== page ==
I heard it's not recommended because of all the writing on the drive?

(My friend wants to know)


5 Answers 5


You don't download bittorrent data at SSD speeds (usually). Why not do bittorrent on the rotational media, and do low-latency / high-speed operations on the SSD? The only operation that would benefit from the SSD would be the reassembly at the end which, on the whole, is probably the smallest portion of the time required for the overall transfer.

That said, check out the lifetime of the SSD. It is probably in total number of writes per cell. As such, more writes means sooner death. If using it for bittorrent means you would use it more, yes, it will die sooner.

Note that this applies solely to receiving files via bittorrent. Sending them is another story entirely, and shouldn't affect the lifetime of the drive (since it involves only reads)

  • 4
    Perhaps this is on a laptop with a single drive?
    – MDMarra
    Jul 8, 2010 at 2:13
  • Correct - it will be on a laptop.
    – Gabe
    Jul 8, 2010 at 2:16
  • 1
    Why the down vote?
    – Xavierjazz
    Jul 8, 2010 at 3:54
  • Doesn't the bittorrent client write data to multiple parts of the same sparse file? Oh and for the downvote, I dunno. +1 from me though
    – TheLQ
    Jul 8, 2010 at 3:56
  • 1
    FYI, for SSDs, multiple writes to the same 'sector' are still wear-leveled to different parts of the SSD, so writing multiple times to the same spot shouldn't affect the lifetime adversely compared to the same number of writes in different locations. If SSD is the only drive available, and bittorrent is something you want to do, then I would say do it. It may 'use up' the drive faster, but at that point you're balancing the cost of the drive amortized over a slightly different period of time with the satisfaction cost of not having bittorrent. Jul 8, 2010 at 4:45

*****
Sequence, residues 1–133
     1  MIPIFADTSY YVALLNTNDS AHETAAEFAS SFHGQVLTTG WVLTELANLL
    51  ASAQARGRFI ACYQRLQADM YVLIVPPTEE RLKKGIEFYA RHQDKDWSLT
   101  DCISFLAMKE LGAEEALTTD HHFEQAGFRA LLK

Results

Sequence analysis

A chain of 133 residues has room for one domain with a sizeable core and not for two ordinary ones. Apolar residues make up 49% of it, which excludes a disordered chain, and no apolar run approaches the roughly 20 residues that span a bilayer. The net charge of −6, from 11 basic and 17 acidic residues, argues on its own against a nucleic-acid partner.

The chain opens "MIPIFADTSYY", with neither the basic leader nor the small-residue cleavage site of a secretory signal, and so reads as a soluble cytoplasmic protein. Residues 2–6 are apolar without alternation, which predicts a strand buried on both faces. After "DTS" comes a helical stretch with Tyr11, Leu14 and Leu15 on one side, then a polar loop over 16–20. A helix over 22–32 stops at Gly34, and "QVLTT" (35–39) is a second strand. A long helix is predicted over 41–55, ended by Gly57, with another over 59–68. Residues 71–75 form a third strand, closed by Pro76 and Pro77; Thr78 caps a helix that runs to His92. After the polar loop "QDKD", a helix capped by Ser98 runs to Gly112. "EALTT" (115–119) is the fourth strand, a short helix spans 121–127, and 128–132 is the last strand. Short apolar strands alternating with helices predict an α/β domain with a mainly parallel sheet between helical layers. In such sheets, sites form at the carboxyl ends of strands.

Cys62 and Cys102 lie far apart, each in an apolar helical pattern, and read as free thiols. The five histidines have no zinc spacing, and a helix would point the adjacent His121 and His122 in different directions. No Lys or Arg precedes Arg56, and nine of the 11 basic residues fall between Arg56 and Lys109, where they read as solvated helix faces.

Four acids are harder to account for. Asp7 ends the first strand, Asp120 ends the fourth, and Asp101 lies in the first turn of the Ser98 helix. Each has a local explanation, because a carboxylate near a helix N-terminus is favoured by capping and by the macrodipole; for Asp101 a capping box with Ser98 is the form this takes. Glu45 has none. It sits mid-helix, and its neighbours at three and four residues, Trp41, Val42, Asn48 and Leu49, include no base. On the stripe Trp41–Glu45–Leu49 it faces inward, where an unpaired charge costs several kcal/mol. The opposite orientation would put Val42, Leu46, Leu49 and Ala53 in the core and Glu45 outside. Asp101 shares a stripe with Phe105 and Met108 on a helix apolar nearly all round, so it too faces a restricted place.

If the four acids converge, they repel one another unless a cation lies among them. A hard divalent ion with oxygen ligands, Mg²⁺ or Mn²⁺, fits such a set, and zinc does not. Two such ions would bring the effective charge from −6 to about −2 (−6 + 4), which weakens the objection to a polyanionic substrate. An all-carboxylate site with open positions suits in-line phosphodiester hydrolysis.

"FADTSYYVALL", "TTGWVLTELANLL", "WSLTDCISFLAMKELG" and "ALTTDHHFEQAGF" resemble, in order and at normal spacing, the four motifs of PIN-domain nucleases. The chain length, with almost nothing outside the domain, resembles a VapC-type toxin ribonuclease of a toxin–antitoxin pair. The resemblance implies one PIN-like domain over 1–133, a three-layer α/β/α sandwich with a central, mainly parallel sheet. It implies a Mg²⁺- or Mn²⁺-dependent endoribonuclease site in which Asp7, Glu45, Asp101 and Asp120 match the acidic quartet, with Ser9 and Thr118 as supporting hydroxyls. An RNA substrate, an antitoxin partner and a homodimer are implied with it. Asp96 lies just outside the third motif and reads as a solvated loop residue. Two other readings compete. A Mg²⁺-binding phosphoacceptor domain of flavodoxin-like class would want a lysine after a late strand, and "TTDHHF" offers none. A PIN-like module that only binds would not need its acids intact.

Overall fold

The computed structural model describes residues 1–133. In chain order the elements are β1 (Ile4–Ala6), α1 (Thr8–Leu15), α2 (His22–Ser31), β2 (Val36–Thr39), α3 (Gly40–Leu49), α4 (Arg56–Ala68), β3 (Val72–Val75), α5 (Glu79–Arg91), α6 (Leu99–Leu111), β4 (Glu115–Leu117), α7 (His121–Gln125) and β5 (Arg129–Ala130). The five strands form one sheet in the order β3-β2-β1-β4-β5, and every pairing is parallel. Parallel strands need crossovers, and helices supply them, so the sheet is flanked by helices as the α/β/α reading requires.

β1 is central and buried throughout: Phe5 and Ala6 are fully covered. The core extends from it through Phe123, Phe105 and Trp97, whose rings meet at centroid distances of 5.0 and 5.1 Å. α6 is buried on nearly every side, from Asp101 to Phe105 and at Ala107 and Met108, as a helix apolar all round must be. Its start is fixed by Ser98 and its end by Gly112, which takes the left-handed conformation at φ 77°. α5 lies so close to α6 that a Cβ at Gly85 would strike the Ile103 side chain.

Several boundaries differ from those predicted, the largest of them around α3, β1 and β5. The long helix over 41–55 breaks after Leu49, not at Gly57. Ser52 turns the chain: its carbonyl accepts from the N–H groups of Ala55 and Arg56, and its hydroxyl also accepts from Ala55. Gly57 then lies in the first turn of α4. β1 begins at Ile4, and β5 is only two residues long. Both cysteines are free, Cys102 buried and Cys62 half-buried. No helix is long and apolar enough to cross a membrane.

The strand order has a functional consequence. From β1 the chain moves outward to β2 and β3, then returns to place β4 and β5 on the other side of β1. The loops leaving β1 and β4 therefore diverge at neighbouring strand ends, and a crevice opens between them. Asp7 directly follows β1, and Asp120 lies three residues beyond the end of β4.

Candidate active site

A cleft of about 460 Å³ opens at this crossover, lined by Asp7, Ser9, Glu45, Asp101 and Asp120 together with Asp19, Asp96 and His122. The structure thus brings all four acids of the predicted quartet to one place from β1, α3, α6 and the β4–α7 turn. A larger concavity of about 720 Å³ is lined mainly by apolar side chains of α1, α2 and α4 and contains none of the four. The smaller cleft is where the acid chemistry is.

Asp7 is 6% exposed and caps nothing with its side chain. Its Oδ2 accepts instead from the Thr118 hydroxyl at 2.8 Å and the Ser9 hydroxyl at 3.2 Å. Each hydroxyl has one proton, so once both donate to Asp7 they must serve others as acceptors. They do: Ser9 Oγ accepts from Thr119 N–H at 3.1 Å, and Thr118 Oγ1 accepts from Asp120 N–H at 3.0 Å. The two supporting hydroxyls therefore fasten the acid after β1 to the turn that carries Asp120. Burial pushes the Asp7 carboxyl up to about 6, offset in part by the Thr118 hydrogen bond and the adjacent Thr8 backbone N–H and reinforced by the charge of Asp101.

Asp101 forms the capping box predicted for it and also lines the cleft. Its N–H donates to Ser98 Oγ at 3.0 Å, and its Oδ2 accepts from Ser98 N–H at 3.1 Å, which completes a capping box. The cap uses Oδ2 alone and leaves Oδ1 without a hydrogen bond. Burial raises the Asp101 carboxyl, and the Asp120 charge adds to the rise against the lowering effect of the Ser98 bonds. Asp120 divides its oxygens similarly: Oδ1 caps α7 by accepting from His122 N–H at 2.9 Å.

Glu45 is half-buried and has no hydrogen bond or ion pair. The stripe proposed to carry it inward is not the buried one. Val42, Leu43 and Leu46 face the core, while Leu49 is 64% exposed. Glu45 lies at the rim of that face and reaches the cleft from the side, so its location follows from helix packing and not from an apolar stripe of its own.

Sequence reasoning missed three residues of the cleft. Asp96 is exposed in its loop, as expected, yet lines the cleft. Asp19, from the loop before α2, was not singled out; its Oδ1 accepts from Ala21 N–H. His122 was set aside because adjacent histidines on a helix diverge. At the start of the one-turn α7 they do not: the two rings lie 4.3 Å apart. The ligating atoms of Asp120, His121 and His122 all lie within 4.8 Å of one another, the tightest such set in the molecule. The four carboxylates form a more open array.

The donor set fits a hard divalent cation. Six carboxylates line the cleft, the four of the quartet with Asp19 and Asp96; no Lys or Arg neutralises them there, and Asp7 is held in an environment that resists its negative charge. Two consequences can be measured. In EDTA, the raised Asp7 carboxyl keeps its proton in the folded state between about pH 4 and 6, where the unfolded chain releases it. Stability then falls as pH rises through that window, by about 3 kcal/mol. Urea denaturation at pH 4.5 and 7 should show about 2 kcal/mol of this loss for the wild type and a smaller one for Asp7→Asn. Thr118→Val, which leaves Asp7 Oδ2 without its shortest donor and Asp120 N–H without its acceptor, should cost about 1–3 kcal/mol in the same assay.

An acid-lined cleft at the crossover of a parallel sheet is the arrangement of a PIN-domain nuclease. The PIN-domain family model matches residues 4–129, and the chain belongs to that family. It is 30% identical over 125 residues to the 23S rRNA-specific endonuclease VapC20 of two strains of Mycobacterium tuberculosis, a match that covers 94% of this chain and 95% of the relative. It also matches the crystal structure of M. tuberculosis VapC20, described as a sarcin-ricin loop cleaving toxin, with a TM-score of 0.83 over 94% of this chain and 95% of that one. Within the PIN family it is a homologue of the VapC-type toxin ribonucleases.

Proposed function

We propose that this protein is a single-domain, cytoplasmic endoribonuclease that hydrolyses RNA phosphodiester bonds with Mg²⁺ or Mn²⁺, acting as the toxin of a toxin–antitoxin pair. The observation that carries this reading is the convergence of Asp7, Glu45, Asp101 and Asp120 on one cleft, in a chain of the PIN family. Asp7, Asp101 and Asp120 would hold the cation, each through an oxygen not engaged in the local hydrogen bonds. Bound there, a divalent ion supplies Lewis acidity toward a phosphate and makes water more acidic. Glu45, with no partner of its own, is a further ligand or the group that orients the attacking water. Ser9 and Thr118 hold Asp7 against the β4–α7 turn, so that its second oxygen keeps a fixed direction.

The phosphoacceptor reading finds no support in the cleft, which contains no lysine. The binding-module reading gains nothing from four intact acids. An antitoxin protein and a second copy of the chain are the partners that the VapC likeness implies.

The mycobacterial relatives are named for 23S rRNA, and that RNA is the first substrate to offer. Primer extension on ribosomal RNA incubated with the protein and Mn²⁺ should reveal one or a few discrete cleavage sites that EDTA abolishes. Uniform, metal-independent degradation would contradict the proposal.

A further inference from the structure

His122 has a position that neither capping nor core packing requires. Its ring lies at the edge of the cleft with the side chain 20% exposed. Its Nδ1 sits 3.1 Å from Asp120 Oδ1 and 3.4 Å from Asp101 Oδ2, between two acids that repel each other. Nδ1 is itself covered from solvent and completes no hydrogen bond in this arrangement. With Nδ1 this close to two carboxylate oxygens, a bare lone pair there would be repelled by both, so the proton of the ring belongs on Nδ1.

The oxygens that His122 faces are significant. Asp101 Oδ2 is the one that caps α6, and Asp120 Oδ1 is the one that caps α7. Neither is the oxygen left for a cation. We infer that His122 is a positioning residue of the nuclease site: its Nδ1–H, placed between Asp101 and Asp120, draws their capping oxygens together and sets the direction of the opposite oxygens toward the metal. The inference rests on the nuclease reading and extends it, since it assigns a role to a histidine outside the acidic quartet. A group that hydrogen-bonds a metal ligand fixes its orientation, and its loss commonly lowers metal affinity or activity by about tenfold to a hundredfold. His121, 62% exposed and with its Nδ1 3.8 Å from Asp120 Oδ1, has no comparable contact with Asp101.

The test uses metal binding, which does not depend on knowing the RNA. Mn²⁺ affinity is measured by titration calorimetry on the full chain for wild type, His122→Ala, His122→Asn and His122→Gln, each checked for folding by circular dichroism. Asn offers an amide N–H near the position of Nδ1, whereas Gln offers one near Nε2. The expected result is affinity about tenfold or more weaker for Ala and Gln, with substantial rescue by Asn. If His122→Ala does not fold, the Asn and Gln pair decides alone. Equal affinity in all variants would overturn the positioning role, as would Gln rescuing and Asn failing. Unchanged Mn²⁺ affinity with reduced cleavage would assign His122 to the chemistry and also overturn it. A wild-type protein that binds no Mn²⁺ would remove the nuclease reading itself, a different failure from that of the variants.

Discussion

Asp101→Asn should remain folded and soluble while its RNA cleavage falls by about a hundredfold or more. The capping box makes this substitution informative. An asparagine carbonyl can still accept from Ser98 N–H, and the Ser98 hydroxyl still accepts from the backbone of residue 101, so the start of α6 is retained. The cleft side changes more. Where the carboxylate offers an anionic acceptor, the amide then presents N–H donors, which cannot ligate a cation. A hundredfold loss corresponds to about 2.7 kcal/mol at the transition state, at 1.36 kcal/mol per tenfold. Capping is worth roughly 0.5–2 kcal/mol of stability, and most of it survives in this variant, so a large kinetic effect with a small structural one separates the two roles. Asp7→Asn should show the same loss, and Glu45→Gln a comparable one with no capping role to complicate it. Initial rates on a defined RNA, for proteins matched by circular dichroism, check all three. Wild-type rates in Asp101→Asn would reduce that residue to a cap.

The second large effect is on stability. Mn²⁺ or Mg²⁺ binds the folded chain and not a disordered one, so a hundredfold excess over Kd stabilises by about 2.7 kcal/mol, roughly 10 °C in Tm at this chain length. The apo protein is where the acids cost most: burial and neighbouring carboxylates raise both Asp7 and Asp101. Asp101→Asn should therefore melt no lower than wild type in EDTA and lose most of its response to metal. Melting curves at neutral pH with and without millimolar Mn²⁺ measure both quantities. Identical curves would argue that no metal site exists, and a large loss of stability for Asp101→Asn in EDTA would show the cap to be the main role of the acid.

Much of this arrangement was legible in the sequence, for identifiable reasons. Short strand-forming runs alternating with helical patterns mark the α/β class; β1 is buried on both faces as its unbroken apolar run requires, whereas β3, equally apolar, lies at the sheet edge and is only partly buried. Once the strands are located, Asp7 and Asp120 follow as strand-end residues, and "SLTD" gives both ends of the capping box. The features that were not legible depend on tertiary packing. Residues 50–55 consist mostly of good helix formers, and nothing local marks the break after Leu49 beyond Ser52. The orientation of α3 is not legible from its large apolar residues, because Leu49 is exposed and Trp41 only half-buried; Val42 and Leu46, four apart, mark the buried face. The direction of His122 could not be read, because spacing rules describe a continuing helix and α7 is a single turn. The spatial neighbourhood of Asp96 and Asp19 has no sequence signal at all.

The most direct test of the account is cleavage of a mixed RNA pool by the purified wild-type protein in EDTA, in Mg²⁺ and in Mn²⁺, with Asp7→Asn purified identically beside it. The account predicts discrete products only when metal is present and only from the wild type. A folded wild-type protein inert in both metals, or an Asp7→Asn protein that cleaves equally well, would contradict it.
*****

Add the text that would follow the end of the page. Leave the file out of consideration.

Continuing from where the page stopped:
Hmm. Maybe.

Bitorrent has pretty heavy write requirements, and causes a lot of disk usage. On the other hand, modern SSDs do manage pretty impressive numbers of cycles before failure. I'd say it isn't going to kill it, but might reduce life somwhat


If you have one SSD and one spinning hard-drive, you can set (atleast in uTorrent) the client to keep uncomplete files while they are downloaded on the spinning one, and then move it to the SSD once it´s ready.... i don´t know if this will cause less wear on the SSD than writing it in chunks, does writing 1Mb 100 times use up 100 times more lifetime than writing 1 100Mb file? maybe something inbetween?

  • 2
    Hi, welcome to SuperUser.com. Check the FAQ (superuser.com/faq) for more details about the way this site works. This is not a forum, it is a place for questions to be asked and answered. If you have a new question, please post it as such, by clicking on "Ask Question" (superuser.com/questions/ask), rather than as answer to another question.
    – Sathyajith Bhat
    Oct 16, 2010 at 3:27

The SSD "wears" relatively quickly when writing small files. So 100 1MB files hurt the SSDs longevity. Writing one 100MB file on the other hand doesn't hurt it at as much. Just be careful with those rar or zip files where the movie split into several smaller files.

You generally don't want to keep movie files on an SSD though; only the OS, applications, and (possibly) games.


I would not torrent to a thumb drive, because those can only handle so many read/writes. SSD's are different though. They have a much longer lifespan, much more comparable to regular hard drives, so I personally won't worry about it.

Your Answer

By clicking “Post Your Answer”, you agree to our terms of service, privacy policy and cookie policy

Not the answer you're looking for? Browse other questions tagged or ask your own question.